They must produce documents like rental agreements, children’s birth certificates, and bank account statements. Then, the USCIS tests the validity of the marriage further by conducting a green card interview with the applicant. Marriage-based immigrants are subjected to a much longer and more detailed interview than other applicants.
The government doesn’t typically investigate or follow couples around beyond the required paperwork and interviews it conducts. However, it is at liberty to go to extra lengths to investigate any suspicion it may have concerning the marriage. That may include inspectors visiting your home unannounced, interviewing your employers, and speaking with your friends.
How Do You Prove a Sham Marriage?
To prove a marriage is sham, substantial and probative evidence needs to be provided and should be more than “probably true.” The officer responsible for determining marriage fraud can consider all circumstantial and direct evidence as well as all relevant evidence before deciding.
To prove a sham marriage, the immigration judge of a sham marriage will consider the following factors:
- The substantial and probative evidence provided had significant inconsistencies and there isn’t enough documentary evidence that the couple share their lives together;
- Proof that a beneficiary previously attempted to knowingly mislead immigration officials about aspects of the marriage, including cohabitation, alien’s file, and joint finances;
- Evidence and confirmation that both the beneficiary and petitioner have separate romantic partners;
- Termination of the marriage shortly, typically within two years, after the beneficiary acquired the immigration benefits;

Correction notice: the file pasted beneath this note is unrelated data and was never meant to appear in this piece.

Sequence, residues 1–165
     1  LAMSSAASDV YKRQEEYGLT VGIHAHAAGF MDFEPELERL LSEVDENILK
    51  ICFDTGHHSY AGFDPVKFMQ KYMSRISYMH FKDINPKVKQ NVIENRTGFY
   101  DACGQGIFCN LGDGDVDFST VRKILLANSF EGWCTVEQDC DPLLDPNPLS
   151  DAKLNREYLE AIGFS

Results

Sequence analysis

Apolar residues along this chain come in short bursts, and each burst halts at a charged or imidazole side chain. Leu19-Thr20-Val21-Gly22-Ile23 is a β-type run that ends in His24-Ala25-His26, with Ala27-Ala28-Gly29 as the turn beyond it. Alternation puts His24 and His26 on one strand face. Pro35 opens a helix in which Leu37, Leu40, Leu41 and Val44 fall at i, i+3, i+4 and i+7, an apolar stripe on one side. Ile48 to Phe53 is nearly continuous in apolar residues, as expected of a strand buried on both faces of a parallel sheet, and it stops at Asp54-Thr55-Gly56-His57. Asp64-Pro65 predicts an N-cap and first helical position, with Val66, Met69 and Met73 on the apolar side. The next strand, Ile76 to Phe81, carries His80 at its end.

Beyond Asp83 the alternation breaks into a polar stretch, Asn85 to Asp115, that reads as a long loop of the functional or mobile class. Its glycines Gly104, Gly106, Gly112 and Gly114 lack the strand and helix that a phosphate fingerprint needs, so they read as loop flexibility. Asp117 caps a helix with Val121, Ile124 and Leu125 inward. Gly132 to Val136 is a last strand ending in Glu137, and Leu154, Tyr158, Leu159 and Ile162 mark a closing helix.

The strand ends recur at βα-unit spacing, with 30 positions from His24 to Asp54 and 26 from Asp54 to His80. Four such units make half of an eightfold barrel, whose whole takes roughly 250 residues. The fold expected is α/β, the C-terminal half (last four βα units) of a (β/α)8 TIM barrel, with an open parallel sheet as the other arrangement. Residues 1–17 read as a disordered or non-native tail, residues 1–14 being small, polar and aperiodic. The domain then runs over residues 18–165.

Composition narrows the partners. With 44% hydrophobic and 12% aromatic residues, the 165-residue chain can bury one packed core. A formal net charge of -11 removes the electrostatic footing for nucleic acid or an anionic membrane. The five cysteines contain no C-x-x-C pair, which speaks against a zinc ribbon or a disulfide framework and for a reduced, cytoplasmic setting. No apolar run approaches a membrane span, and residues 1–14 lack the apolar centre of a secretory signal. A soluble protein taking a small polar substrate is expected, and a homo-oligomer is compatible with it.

- Neither party’s family members and close acquaintances have any knowledge of the marriage;
- If one or both the beneficiary and petitioner file their taxes as “single.”
Is It Possible to Get a Reversal of INA 204 (C) and Approval of I-130 and I-485?
The USCIS field office reconsiders and reverses its denial of citizens’ immigration appeals when the affected individuals appeal under INA 204 c – also known as marriage fraud bar. The BIA (Board of Immigration Appeals) is at liberty and has the authority to review such decisions. For INA 204 C, BIA noted that evading the immigration laws will amount to not enjoying immigration benefits.
For instance, a U.S. citizen spouse client for whom the USCIS denied form I-130 petition for her immigrant spouse filed an appeal for the reversal of INA 204 C. The USCIS vacated the section 204(c) without an order from the BIA and approved the petition.
The spouse got a reversal of the finding of marriage fraud and got their I-130 approved. Additionally, the applicant got their concurrently filed form I-485 application for conditional permanent resident status – thanks to his immigration lawyers.
All of these happened within three months of the applicant’s lawyer filing the Notice of Appeal. Consequently, it happened within only two months of submitting the legal memorandum to support the filed appeal by the permanent resident.